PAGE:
I don’t know much about film making, so correct me if you need to, but I believe that all it takes is the right combination of creative, talented people can make something special.The most vital resources are a strong vision for a final product and the ingenuity and skill to pull it off. Even if the final product doesn’t quite match that vision (between the conception and the creation falls the shadow and all that), it can still be worthwhile.
I think this holds true especially in horror, where executing a premise successfully is especially vital and executing it with few resources is especially challenging. That’s why it’s so exciting when you accidentally unearth a gem. And that’s why Christina’s House makes me so sad.
This movie tries. It really does. It shows a sincere desire to be creepy and understated. There’s enough going on in Christina’s House that you can’t help but respect the creativity and resourcefulness of the people involved. It’s also a refreshingly humble movie that doesn’t pretend to be more than it is. (At least, unlike one particular low-budget horror flick I could name, no one involved in production spammed the IMDB page with paeans to its greatness.*)
It centers its action on one location, a multi-story Victorian house.
It skillfully casts what talent is available. Even, in the case of teen heroine Christina and her party girl BFF Karen, if that talent involves looking hot in strappy pastel sheathes or tanks with v-hem print skirts (this is 2000, after all. The movie takes place in Washington state, at some point during the school year. By the way, you can read Karen’s wilder personality from her brighter lip gloss and wavy hair.)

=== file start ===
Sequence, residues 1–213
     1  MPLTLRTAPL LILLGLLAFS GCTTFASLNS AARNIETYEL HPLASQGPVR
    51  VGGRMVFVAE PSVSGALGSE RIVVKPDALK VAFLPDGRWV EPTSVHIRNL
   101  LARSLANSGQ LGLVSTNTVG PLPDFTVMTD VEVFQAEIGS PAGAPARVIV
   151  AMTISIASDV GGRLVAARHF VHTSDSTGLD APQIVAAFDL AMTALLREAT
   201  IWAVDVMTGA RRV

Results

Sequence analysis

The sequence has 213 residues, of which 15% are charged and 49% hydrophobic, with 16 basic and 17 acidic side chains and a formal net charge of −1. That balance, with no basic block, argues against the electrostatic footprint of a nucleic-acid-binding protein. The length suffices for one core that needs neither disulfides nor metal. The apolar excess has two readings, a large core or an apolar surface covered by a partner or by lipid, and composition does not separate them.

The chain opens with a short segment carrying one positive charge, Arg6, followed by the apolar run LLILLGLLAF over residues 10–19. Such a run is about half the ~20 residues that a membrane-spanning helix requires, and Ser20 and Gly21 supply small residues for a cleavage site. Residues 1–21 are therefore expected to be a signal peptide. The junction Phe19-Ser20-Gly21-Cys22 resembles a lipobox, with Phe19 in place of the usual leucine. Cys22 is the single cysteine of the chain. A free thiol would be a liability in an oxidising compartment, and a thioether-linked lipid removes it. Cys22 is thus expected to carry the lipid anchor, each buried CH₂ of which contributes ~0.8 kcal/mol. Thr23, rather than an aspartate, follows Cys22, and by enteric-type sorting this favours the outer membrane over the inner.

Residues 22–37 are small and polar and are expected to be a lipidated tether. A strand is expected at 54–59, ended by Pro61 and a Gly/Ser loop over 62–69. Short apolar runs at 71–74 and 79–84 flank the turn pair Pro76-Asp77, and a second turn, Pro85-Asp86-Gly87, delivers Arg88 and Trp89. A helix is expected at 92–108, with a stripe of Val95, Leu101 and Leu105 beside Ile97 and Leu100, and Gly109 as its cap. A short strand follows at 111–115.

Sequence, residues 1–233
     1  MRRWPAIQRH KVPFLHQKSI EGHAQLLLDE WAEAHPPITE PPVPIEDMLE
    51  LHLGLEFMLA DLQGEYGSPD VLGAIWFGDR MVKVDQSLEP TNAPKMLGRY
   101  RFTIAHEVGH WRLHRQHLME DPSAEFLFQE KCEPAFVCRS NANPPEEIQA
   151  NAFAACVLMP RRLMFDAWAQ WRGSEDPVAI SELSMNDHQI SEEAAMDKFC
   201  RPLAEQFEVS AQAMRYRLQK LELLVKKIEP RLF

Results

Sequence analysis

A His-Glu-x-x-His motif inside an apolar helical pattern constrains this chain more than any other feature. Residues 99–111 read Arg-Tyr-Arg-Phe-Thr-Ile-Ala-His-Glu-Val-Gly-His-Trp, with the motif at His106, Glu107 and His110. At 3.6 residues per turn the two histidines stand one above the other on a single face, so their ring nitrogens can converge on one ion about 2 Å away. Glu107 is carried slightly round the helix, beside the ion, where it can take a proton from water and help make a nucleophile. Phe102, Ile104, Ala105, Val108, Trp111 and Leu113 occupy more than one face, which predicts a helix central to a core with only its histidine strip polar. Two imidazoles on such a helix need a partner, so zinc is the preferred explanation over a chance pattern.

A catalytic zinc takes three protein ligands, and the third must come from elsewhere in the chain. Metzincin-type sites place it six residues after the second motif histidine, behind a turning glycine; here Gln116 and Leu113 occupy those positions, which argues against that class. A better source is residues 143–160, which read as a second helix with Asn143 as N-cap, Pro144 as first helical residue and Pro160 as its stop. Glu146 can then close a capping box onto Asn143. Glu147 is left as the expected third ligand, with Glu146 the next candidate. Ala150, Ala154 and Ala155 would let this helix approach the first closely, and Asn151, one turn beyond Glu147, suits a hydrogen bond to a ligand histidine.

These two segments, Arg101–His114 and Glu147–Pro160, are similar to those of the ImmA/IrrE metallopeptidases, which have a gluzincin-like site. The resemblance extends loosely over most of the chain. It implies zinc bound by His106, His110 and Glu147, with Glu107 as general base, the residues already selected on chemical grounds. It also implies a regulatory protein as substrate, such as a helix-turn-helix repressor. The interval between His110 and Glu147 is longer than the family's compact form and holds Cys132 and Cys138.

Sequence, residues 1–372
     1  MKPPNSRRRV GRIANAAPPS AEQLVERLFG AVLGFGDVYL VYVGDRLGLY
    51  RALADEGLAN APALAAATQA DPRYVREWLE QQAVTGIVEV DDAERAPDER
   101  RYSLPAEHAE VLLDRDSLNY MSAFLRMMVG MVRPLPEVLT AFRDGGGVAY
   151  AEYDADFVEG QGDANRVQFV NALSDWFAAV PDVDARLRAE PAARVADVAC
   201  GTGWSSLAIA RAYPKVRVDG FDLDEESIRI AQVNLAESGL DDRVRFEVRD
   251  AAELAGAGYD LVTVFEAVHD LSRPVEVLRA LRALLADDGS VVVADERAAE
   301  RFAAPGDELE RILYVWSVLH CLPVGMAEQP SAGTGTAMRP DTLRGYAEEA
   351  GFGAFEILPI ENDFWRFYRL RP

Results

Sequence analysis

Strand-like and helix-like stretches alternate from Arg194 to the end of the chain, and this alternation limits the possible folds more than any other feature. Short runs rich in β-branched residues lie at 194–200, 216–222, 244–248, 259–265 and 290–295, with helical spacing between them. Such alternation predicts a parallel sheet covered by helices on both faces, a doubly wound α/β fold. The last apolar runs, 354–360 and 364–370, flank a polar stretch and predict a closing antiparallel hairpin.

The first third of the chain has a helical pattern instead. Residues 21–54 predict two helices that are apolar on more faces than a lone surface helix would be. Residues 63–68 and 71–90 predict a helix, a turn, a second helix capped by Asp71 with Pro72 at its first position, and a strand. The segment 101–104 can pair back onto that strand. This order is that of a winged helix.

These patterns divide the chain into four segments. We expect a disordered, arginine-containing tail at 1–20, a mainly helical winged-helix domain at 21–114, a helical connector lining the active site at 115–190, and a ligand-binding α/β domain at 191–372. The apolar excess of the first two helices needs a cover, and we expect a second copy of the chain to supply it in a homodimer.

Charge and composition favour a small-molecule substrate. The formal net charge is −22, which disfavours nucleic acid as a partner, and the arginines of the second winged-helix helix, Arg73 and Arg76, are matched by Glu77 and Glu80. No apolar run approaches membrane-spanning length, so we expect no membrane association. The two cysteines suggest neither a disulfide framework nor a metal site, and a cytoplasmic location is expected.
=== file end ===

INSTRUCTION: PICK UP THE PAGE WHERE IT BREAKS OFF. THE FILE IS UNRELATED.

It attempts to create multiple threads of drama. Christina, her father and little brother have moved into the titular house to be closer to her mother, a patient in an institution. Christina juggles complicated relationships with all the men in her life, which also include a troublesome boyfriend she’s not fully into and a badge-less sheriff who comes to investigate the house while Dad is out. On top of this is Christina’s fear that she may be losing her own mind (or does Dad fear that for her? Or is Dad driving her their himself?), a fear brought home (heh) by the weird, if not frightening, occurrences unfolding in the house.
To be fair, occurrences become more than weird once people start to die. True to the movie’s MO, the body count is relatively low and death scenes are more grim than gory. The climax, when it arrives, tries to pay off on what was built up earlier (and it relies on music and acting and quick cuts and other elements that don’t take too much out of the budget), but what was built up just wasn’t quite strong enough to make this satisfying.
That may be where the movie suffers overall. It tries to be subtle, to present characters and events as complex and ambiguous, but it just turns out vague. It’s scripted so subtly it crosses the line from “open to interpretation” to “where the heck did that come from?”. You can build multiple theories on what actually drove the whole plot, but you pretty much need to imagine your own compelling evidence.
Which again, is a shame. Clearly people with some talent worked on this movie. Take the title, for instance.**
During my last week at the captioning job, the woman who scheduled our work was out, so an email went around the office with a list of films up for grabs. I wanted to snatch up Four Weddings and a Funeral***, but since this was my last week I decided to leave that for someone else. Christina’s House sounded intriguing, character based, creepy in a way that’s hard to pin down, not to mention a title I wish I’d come up with.